Title IX Information; Report Sexual Discrimination, Assault or Misconduct

They’ve been called the 37 words that changed everything regarding gender in academics, the text of Title IX signed into law in June 1972:

"No person in the United States shall, on the basis of sex, be excluded from participation in, be denied the benefits of, or be subjected to discrimination under any education program or activity receiving Federal financial assistance..."

Title IX of the Education Amendments of 1972 (20 U.S.C. § 1681) is an all-encompassing federal law that prohibits discrimination based on the gender of students and employees of educational institutions which receive federal financial assistance.  Moreover, litigation in the 40+ years since Title IX became law has served to expand the concept of “sex” to include sexual orientation as well as gender identity and affiliation.

Title IX has been most recognized for creating more opportunities for women in sports over the past 40 years, but its impact and scope are actually far greater, reaching into every corner and program of academics. (Note that the word “sports” appears nowhere in those 37 words above.)  But the intent and outcomes of Title IX are also more than just a good idea or suggestion; and those educational institutions that receive federal funds of any kind are charged to comply with Title IX or face serious consequences, including lawsuits into the millions of dollars. It is thus very important that all of us who are enrolled at or who are employed by or who act of behalf of our institutions be aware of the requirements and implications of Title IX compliance in regard to students AND employees—not only for the betterment of our students and programs and our workforce, but also to ensure the protection of our institutions.

The Title IX Coordinator and Compliance Specialist is Jessica Kropog Furgason. She is located in 208A Hardway Building and can be contacted at (304) 367-4689, or Jessica.Kropog@fairmontstate.edu


Educational institutions that receive federal financial assistance are covered by Title IX, even if only one of an institution’s programs or activities receives federal funding. In compliance with Title IX, our institutions prohibit discrimination on the basis of sex in employment as well as in all student programs and activities.

Who is responsible for making certain our institutions comply with Title IX?

EVERY employee and student is responsible for Title IX compliance and is mandated to report to the Title IX Coordinator any action or behavior by anyone on campus that may relate to sex, gender or identity discrimination.  Sexual harassment and sexual assault are included. If you see something, say something; report events and behaviors to the Title IX Coordinator or a Deputy.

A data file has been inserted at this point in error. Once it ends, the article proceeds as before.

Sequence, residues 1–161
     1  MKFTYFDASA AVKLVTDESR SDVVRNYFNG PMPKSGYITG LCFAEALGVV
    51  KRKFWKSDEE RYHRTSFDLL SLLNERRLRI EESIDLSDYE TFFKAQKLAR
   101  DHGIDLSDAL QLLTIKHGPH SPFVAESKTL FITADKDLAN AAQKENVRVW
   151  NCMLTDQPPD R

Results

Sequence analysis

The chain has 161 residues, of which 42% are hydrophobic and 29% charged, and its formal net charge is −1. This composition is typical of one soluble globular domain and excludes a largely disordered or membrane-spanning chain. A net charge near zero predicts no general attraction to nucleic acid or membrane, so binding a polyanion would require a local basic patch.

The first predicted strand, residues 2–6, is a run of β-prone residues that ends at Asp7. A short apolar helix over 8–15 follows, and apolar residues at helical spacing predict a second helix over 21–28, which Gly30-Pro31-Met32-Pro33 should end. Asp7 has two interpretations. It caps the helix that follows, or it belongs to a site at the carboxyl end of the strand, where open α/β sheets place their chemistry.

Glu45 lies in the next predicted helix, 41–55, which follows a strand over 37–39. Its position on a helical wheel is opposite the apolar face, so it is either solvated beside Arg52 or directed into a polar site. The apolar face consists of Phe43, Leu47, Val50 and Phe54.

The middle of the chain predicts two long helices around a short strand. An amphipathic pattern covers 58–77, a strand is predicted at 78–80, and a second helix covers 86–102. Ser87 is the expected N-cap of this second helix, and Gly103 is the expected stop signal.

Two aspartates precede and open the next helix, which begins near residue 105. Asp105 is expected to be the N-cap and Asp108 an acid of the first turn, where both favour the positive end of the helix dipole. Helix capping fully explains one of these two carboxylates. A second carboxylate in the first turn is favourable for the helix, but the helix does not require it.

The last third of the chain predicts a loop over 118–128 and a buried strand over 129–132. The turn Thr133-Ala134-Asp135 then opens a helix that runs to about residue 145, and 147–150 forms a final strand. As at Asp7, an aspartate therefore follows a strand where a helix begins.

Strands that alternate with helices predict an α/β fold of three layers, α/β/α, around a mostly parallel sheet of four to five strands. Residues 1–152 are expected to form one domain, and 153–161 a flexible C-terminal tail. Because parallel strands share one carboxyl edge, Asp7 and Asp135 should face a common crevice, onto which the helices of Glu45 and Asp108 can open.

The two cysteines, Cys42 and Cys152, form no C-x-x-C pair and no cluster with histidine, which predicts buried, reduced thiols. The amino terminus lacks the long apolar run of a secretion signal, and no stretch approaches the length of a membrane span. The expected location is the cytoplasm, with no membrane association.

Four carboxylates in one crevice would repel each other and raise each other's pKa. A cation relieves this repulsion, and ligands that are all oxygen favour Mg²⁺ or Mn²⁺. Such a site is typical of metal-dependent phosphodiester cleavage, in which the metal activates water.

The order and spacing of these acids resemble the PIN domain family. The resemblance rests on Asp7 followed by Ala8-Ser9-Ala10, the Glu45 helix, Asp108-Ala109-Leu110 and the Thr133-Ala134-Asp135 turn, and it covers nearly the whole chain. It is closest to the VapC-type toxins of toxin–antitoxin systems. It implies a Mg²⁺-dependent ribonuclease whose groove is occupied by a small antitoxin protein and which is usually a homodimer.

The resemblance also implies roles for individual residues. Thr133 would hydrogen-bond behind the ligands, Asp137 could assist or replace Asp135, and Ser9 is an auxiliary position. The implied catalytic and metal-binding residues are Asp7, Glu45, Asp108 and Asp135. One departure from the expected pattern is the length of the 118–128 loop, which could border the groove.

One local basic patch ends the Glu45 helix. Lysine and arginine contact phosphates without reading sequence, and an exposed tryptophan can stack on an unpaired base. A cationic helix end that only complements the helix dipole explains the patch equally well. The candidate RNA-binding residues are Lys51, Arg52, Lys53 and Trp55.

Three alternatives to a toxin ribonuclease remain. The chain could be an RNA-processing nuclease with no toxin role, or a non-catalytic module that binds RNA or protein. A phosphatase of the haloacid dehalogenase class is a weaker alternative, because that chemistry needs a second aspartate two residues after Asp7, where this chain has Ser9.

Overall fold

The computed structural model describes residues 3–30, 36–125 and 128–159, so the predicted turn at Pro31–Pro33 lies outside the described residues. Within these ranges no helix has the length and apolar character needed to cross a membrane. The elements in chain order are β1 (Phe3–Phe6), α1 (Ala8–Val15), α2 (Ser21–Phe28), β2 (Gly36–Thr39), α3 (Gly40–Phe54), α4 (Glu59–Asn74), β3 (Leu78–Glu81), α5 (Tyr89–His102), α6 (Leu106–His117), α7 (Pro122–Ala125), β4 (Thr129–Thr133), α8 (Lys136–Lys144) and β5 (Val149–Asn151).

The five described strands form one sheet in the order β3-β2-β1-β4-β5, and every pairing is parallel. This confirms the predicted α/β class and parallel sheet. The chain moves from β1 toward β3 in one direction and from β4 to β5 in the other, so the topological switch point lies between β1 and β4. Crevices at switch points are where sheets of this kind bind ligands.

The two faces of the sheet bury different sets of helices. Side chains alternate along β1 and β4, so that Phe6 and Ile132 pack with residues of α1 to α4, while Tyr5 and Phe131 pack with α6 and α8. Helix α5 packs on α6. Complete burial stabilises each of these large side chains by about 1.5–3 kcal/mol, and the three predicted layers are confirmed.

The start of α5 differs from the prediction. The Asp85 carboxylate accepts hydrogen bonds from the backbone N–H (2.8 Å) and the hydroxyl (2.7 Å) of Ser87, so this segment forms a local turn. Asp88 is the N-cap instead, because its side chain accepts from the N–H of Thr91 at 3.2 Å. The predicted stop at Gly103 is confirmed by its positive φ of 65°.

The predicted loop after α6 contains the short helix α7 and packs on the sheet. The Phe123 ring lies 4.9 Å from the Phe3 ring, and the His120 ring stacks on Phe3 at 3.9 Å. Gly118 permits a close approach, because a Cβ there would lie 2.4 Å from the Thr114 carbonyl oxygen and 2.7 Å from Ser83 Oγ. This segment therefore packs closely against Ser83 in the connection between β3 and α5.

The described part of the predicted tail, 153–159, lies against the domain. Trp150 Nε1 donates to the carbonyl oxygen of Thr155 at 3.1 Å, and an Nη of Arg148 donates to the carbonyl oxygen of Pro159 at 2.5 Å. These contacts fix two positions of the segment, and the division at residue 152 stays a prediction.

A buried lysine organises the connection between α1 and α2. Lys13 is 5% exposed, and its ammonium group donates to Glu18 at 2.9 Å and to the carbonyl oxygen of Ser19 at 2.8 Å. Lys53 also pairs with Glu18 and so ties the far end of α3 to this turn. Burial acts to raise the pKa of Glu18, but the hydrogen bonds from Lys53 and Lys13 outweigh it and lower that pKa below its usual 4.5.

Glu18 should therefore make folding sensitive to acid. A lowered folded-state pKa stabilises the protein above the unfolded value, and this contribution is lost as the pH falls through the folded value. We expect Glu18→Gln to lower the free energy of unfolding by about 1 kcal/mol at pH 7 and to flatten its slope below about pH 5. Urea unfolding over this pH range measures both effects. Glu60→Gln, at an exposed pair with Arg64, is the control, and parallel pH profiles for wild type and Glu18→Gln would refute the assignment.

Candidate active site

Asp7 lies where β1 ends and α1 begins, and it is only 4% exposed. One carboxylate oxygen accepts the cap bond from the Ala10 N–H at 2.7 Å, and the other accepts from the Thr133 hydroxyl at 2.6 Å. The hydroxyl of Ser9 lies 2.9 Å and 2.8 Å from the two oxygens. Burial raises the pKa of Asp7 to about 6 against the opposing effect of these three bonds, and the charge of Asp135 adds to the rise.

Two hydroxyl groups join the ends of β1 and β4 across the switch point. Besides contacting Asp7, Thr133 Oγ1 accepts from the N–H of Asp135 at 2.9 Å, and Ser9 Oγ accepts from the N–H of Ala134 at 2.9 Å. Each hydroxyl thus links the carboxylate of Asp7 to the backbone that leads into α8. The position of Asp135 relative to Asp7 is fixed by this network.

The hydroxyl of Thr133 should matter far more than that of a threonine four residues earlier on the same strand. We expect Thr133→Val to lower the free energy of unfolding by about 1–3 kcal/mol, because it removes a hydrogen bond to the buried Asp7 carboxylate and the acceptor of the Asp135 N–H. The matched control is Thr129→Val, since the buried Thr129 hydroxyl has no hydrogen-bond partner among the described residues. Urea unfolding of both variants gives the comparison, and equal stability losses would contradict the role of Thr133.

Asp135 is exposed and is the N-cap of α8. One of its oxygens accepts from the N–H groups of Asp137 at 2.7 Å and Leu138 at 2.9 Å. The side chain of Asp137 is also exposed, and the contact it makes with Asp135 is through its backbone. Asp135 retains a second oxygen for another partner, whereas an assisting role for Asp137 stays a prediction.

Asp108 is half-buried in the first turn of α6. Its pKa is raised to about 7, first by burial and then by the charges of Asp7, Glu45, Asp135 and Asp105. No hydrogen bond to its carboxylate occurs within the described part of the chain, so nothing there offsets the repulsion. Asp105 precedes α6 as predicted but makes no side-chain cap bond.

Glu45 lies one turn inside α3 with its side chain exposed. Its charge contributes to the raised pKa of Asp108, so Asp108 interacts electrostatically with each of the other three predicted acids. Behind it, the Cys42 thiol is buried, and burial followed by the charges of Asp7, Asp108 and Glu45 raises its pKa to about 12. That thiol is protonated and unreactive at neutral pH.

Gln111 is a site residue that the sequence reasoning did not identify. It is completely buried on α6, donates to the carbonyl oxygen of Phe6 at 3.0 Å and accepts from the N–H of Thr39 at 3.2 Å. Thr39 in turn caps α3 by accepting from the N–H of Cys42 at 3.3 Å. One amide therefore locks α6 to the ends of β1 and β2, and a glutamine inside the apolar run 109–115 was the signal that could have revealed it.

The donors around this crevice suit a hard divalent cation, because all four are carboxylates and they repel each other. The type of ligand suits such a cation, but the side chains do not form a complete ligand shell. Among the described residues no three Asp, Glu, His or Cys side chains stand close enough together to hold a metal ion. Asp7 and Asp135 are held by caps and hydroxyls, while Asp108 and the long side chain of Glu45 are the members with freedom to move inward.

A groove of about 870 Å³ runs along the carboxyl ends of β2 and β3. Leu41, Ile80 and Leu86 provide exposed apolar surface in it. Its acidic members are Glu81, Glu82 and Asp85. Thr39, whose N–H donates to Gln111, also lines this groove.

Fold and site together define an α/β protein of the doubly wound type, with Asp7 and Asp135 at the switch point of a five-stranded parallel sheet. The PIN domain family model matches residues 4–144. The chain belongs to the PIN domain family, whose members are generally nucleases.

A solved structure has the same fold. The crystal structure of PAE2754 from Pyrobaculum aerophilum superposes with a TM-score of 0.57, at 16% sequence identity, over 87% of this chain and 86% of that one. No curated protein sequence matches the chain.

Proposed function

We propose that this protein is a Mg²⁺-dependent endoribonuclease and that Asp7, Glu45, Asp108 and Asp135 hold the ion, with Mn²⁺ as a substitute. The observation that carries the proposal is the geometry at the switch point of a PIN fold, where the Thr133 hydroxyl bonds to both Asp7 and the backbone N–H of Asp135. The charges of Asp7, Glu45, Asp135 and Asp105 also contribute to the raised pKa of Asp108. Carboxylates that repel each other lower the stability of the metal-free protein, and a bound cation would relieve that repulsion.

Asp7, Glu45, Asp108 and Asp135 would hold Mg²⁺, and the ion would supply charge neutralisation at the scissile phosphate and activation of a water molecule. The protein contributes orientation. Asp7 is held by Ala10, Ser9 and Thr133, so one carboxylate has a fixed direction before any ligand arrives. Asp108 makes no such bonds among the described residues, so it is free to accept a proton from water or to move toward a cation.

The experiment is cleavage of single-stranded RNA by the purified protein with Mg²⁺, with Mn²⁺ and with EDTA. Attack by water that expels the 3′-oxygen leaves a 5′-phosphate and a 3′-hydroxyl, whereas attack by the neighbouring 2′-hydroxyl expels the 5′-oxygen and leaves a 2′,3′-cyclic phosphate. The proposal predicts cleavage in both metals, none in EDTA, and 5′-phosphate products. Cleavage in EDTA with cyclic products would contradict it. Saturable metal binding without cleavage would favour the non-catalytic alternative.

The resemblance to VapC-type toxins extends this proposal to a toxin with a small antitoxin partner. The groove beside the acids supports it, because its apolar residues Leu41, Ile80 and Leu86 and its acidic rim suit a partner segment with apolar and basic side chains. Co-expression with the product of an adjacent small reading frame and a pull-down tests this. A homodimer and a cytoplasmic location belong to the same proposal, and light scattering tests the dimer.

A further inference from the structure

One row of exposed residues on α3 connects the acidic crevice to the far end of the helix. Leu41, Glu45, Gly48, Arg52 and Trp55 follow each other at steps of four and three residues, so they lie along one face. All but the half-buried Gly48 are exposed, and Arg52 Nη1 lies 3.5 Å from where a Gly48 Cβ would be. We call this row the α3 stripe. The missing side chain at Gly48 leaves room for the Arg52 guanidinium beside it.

In accordance with Title IX regulations, the University has designated Jessica Kropog Furgason as their Title IX Coordinator and Compliance Specialist. She is charged with monitoring compliance with these regulations. Questions regarding Title IX, as well as concerns and complaints of non-compliance, may be directed to her.

The Title IX Coordinator oversees the dissemination of information regarding Title IX to students, staff and faculty; coordinates training for employees; maintains Title IX grievance/complaint files; monitors Title IX Deputies in the investigation and disposition of complaints; and answers inquiries from university and community members.

The University has also designated Deputy Title IX Coordinators or Investigators:

  • Cindy Curry, VP for Human Resources
  • Jack Clayton, Director of Emergency Services
  • Jennifer Stackpole, Deputy Clery Compliance Coordinator

The Title IX Deputies field inquiries from students, faculty, staff and administrators regarding their rights and responsibilities under Title IX; help to investigate cases of alleged discrimination; and assist the Title IX Coordinator in oversight and implementation of Title IX compliance and training efforts.

Why does Title IX matter?

It matters because negative sex and gender discrimination are detrimental to the safety and wellbeing of students and employees, and because non-compliance can have massive financial and public relations consequences for our institutions.  The most widely held misconception about Title IX is that it’s just about women’s parity in sports; athletics are not the only component of academic life governed by Title IX.   Other areas which fall within the scope of Title IX include:

  • Recruitment, Admissions, Financial Aid and Scholarships
  • Course Offerings and Access
  • Counseling
  • Retention of students
  • Hiring and Retention of Employees
  • Benefits and Leave
  • Conduct of students and employees and their treatment of others

Title IX also prohibits sexual harassment, which at its most extreme includes sexual assault and sexual violence. Additional information regarding what behaviors may constitute sexual harassment and other forms of sexual misconduct is available at www.fairmontstate.edu/adminfiscalaffairs/human-resources.